Spending Plan Fundamentals

In a quest for a peace of mind as it relates to one’s finances, inevitably the subject of budget planning comes up. Personally I like to call it a spending plan because the term “budget” has such negative connotations. The last several months we’ve covered a lot of ground as it relates to getting organized. Freeing up your paper clutter is an important step. By now, everything should be filed in a place where you can easily retrieve it.

Before you sit down with a spreadsheet, Quicken budgeting template, or pad of paper, I highly recommend that you take my 7-Day Challenge. This exercise is especially helpful for those who haven’t tracked income and expenses. Follow the four easy steps that should fit into any lifestyle.

Here’s what you’ll need to create a realistic spending plan:

Accurate Income Estimates

You’ll look at all income from all sources.

  • Paystubs
  • Rental property payments
  • Pension or other income statements
  • Business income (P&L reports)

Fixed Costs

These are expenses where you know you’ll be paying regularly, like:  

  • Auto registration
  • Cable, TV, Internet
  • Car Loans
  • Child Care Expenses
  • Insurance (health, home, life, auto)
  • Mortgage payment(s) or rent
  • Property taxes
  • Student loans
  • Utilities
  • any other fixed cost that you pay weekly, bi-weekly, monthly, quarterly, semi-annually or annually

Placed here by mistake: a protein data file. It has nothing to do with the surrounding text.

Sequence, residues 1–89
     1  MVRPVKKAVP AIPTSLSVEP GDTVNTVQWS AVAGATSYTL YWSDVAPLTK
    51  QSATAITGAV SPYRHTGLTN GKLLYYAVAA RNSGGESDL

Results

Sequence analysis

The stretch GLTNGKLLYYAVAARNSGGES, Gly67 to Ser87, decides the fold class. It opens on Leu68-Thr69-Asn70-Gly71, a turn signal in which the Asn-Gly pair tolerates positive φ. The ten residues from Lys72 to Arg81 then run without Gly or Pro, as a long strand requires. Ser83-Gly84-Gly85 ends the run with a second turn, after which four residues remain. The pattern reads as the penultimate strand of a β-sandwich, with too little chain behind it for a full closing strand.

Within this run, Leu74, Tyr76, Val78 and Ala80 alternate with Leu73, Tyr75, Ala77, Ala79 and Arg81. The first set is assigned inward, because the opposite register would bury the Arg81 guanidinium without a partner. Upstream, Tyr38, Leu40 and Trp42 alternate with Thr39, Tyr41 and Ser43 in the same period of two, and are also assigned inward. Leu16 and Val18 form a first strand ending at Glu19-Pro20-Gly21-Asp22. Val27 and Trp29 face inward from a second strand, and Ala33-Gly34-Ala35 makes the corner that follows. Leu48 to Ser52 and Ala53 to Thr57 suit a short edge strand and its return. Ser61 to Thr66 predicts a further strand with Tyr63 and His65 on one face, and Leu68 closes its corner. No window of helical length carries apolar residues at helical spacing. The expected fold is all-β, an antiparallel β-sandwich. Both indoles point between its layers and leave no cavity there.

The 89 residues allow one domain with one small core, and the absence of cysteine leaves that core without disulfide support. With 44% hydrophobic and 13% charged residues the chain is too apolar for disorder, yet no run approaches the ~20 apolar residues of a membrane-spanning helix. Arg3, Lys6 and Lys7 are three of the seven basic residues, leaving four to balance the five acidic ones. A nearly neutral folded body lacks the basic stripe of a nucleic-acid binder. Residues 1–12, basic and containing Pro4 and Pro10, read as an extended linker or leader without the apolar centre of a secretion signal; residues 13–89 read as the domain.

Variable Costs

These are expenses that vary to some degree, and you pay as you use them, like:

  • Food (include groceries as well as dining out)
  • Phone (Landline or cell)
  • Subscriptions (magazines, newspapers)
  • Auto (maintenance, gas)
  • Personal care (hair, nails)
  • Out of pocket medical
  • Entertainment
  • Holidays, birthdays, and other special occasions

If you took the 7-Day Challenge or have been tracking your income and expenses via a financial management program like Quicken, pulling together more accurate numbers will be easy. If not, you’ll need to dig into your bank statements or account files to compile the necessary information. 

Remember, building a realistic spending plan that you can live with takes some time. Involve your spouse or partner in the process, as it should reflect your lifestyle. Knowledge is power, and without an honest accounting of where your money goes each month, achieving goals like dream vacations, a new car, and retirement will be harder to achieve.

Let me know how you fared in your 7-Day Challenge. Was it a piece of cake? What surprises did you experience?

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